NAHB's 55+ Housing Market Index down three points to 14 in Q4 compared with Q4 2009, reflecting fall in baby boomers' house values, reduction in their home equity
February 11, 2011
(National Association of Home Builders)
– Home builder sentiment for the mature-market sector retreated in the last quarter of 2010 when compared to the same period a year earlier. The National Association of Home Builders' 55+ Housing Market Index for single-family homes dropped three points to 14 from a year ago following annual declines in the second and third quarters of 2010.
"The normal course of purchasing a new home in anticipation of or upon entering retirement has been interrupted by the fall in Baby Boomers' house values and reduction in their home equity," said NAHB Chief Economist David Crowe. "Boomers are finding that the market for their current home remains soft and potential buyers cannot qualify for affordable mortgages. Even those with the ability to buy a new home are finding a limited selection, as builders cannot get loans to build homes."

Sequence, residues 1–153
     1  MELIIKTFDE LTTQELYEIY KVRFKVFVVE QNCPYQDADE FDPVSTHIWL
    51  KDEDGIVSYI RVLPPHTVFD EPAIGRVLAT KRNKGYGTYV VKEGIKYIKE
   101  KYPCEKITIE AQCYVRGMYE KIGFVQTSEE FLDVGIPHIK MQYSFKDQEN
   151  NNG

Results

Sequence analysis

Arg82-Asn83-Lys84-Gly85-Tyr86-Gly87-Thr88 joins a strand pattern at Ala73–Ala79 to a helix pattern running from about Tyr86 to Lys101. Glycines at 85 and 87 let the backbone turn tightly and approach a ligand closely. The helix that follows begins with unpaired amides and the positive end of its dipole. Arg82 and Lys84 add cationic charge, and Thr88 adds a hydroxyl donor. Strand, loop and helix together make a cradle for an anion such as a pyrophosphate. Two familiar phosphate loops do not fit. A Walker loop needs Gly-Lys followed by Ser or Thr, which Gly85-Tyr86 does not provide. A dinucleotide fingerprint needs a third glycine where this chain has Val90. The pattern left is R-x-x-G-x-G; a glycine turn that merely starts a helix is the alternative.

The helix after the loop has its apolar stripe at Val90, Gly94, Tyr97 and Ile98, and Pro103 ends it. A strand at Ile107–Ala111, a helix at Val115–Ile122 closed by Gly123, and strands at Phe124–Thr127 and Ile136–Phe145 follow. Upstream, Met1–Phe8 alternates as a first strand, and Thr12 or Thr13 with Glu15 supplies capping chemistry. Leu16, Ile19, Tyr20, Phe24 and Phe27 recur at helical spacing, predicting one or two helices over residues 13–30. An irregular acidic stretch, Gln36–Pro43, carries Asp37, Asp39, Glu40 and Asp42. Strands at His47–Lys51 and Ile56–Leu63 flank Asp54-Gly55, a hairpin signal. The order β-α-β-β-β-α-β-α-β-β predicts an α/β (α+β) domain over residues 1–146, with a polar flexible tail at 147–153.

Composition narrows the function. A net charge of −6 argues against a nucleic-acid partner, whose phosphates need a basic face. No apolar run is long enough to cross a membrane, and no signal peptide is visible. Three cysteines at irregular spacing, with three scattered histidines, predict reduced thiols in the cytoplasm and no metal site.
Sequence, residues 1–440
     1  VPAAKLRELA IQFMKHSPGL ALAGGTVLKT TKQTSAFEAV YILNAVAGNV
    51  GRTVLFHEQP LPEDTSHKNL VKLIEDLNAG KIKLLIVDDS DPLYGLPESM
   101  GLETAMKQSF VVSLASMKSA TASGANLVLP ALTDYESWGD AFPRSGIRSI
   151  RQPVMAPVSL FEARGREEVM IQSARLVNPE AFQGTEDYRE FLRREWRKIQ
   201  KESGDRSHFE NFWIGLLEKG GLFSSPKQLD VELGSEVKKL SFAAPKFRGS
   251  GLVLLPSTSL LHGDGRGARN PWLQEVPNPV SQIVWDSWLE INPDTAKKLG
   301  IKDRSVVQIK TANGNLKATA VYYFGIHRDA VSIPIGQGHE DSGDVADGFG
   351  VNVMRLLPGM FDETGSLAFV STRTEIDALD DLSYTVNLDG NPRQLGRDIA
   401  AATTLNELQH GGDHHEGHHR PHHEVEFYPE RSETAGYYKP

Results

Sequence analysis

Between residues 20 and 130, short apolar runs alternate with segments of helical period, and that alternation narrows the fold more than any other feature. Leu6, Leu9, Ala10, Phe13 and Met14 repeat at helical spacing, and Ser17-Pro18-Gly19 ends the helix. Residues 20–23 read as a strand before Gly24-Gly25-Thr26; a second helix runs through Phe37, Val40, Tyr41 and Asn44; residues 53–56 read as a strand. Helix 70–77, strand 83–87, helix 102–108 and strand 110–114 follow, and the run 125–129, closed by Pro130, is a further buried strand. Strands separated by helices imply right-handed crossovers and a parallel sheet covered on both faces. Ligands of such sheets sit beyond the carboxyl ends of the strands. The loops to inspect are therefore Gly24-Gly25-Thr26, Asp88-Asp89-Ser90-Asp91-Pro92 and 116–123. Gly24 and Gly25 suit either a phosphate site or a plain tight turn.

The 55+ single-family HMI measures builder sentiment based on current sales, prospective buyer traffic and anticipated six-month sales for the 55+ single-family market. A number greater than 50 indicates that more builders view conditions as good than poor. Among the index components, present sales dropped four points, to 13. Expected sales (six months into the future) dropped five points, to 24. And traffic of prospective buyers fell two points, to 10.
The 55+ multifamily condo HMI also showed continued weakness, with an index level of 8, down from 11 at the end of 2009. All three index components – current sales, expected sales and buyer traffic – declined during this period.
While the present production index for multifamily rental units rose only one point, to 17, the index of expected production for those units in the next six months jumped five points, up to 23, indicating respondents see some strengthening in the months ahead for the construction of apartments. Current and expected demand for multifamily rental units each rose by 2 points, reaching 28 and 32, respectively.